What’s Up in Philadelphia? A Guide for College Students Involved in Philadelphia Schools
Introductory Note from Aine Sheehan, PHENND Summer Intern 2012
I hope you are enjoying your summer and are taking a well deserved break from the daily hustle and bustle of a college student.
PHENND is launching a pilot blog this summer targeted for College students who are interested and devoted to helping Philadelphia public school students succeed. The blog will include, updates on what is going on with the District, fun summer activities, professional tips for future internships, events regarding learning/kids/education, and volunteer opportunities. We hope to in the future include feedback and experiences of young adults working in Philadelphia Schools.
My name is Aine Sheehan, I am a sophomore at Bryn Mawr College majoring in Political Science. I am interested in college access initiatives and learning how K-12 students benefit from strong relationships with college students through service learning, volunteering, and mentoring. I am interning with PHENND this summer and will be the one responsible for this project. I will be asking for feedback and contributions from young people in each post. Our goal is that eventually this becomes a collaborative effort and develop a strong following of students who are active volunteers and forces in Philadelphia schools.
Thank you and have a fun summer! (See the end of the post for other activities and events!)
Future Superintendents for Philadelphia?
Philadelphia’s two finalists for superintendent answered questions earlier this week from community members about what they hope to achieve if hired by the School Reform Commission. Both events were open to the public and held at 440 Broad Street.
I was interested in learning more about the superintendent search because I believe it gives a good glimpse of what I am learning to be the complex system of Philadelphia education. I also thought students who work in Philadelphia schools might be interested in learning more about who might be making the decisions about the schools they work in during the school year.
Check out the information below. As young people working in Philly schools, I would like to know what you think about these candidates, and how you think they will impact the schools you work with on a day-to-day basis? Can they handle the needs of Philadelphia?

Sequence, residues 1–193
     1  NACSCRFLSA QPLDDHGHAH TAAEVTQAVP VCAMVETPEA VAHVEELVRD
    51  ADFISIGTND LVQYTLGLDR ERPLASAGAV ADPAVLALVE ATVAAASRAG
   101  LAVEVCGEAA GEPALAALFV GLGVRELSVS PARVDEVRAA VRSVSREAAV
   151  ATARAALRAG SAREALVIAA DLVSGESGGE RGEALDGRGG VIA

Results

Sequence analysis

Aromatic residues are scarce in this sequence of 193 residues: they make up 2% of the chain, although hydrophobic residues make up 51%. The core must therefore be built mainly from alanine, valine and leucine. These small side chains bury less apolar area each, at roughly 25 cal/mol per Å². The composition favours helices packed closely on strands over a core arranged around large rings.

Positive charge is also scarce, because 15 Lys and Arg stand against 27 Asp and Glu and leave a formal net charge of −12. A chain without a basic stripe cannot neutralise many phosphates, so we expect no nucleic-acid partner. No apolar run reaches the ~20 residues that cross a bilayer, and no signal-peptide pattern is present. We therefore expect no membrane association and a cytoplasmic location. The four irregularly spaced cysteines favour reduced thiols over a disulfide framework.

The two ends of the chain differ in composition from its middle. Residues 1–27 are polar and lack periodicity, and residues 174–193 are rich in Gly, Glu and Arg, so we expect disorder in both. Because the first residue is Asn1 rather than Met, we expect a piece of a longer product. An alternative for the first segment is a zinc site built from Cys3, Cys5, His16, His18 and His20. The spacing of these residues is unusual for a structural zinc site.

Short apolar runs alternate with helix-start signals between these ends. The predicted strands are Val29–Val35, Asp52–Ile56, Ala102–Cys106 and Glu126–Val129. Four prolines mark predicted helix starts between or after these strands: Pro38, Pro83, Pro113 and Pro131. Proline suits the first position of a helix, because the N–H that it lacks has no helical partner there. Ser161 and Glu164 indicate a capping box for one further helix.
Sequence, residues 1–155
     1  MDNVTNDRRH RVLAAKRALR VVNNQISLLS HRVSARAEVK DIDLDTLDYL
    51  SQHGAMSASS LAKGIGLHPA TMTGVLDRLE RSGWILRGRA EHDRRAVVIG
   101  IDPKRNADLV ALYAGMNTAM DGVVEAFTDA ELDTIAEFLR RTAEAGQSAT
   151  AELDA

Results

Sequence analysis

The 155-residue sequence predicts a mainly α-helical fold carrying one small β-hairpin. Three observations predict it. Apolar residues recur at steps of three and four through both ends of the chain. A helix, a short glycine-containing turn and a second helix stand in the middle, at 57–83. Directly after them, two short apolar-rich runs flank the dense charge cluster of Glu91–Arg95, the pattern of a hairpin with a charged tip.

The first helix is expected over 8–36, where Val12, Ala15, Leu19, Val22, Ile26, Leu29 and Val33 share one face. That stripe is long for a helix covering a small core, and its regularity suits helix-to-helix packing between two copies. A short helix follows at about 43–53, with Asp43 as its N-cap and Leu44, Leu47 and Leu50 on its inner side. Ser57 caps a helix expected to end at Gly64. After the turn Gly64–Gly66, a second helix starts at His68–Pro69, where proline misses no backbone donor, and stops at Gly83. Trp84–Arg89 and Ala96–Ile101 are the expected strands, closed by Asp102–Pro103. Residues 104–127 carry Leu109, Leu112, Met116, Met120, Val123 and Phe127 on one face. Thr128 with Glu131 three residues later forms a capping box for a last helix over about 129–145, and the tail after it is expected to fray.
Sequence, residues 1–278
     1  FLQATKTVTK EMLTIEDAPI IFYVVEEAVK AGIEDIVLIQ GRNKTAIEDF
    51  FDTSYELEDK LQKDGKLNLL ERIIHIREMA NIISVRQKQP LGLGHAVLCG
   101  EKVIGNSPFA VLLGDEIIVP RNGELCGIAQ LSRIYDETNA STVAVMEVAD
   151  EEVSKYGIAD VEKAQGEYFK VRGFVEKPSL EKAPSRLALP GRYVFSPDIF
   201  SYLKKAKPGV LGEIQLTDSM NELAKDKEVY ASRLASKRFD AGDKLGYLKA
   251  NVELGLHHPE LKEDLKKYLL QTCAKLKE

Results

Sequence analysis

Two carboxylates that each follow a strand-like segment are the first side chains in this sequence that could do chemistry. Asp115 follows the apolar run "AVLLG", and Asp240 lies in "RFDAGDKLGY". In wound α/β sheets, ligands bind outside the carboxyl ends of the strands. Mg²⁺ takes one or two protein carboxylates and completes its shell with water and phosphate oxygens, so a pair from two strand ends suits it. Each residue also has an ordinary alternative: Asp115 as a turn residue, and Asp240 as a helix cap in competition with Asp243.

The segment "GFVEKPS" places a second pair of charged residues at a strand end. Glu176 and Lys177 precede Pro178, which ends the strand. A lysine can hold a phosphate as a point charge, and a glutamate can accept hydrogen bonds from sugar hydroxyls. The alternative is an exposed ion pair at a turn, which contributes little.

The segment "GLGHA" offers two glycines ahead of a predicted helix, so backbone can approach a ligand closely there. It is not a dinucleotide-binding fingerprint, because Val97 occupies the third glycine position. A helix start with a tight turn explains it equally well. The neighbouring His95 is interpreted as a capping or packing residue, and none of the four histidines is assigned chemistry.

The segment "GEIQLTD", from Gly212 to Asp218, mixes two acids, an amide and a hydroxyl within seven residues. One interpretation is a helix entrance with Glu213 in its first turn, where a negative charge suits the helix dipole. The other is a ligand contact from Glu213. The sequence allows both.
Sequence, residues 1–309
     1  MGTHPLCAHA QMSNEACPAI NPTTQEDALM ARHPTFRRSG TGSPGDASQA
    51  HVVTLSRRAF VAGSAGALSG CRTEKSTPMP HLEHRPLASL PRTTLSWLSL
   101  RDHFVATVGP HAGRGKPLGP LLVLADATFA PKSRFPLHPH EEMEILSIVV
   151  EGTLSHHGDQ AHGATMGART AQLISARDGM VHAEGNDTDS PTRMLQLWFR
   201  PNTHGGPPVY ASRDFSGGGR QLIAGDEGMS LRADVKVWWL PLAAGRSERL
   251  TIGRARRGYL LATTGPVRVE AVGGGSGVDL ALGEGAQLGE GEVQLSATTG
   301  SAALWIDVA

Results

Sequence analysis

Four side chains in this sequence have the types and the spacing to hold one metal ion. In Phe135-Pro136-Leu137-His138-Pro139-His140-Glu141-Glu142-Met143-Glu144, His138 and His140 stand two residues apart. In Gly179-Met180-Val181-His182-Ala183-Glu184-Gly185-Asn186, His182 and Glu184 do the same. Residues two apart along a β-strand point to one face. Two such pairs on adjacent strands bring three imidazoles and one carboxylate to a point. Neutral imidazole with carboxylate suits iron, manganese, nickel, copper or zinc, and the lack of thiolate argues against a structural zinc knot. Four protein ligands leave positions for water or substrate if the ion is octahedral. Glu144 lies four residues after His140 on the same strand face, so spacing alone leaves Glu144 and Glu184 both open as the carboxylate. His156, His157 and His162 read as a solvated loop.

I could not attend the forums in person, but they were streamed live through a Ustream channel set up by the District and broadcast on PS-TV, making the process accessible to people interested who could not attend. The candidates in question are Pedro Martinez of Clark County, Nevada (which includes Las Vegas) and William Hite of Prince George’s County, Maryland.
Pedro Martinez is currently the deputy superintendent of Clark County, home to 311,000 students. He has no previous teaching experience and comes from an accounting background. He is 42 years old, was born in Mexico, grew up in Chicago, and is the first in his family to graduate high school. He worked under now U.S. Secretary of Education Arne Duncan in Chicago as the Chief Financial officer of Chicago Public Schools and dealt with budget deficits said to be caused by lack of state support, as reported by The Inquirer. Martinez is also up for superintendent in Washoe County, Nevada (Reno).
Part of his platform as deputy superintendent in Clark County, Martinez led a reorganization plan grouping schools into performance zones, including an “autonomous zone” for high performing schools and a “turnaround zone” for consistently low performing schools. He also focused on increasing graduation rates and worked on improving student achievement rates through introducing Common Core Standards district wide and tracking student improvement through programs like the Nevada Growth Model.
During the questioning , Martinez answered all the questions he was allotted, going over the 8:30 suggested end time by about 20 minutes. He stressed his dedication to work with families and the community in order to give students the education they deserve. He mentioned trying to implement a tracking system for students to measure their progress throughout their school career (like the one on Nevada) so that teachers know where students should be academically and parents can check their child’s progress compared to other students in the same grade.
He stresses that whatever plan comes forth for the district if he is hired will be his and the SRC’s plan, saying “It is not his or their plan but our plan”. Martinez is not worried about the $300 million budget deficit in Philadelphia, having faced similar shortfalls when working in Chicago and Nevada.
He countered accusations of not having a teacher background by saying that as deputy superintendent in Clark county he has been in hundreds of schools and thousands of classrooms and has talked to principals and teachers on numerous occasions about what they think works best.
The second person up for the position is William Hite, who is the current Superintendent of Prince George’s County Maryland and serves 135,000 students. Hite has been in Prince George’s County since 2006, when he was hired as deputy superintendent and has held the position of Superintendent since 2009. As deputy superintendent, he oversaw district reorganization plans that decentralized resources to regional school zones to reduce costs and give more autonomy to high performing schools. As superintendent, he focused on strengthening the principal leadership pipeline, oversaw the implementation or the district’s pay-for-performance program, and on the school level extended the school day for middle schools and reorganized the structure of high schools for best performance. He is 52 years old, has a twitter account, and is a father of two children.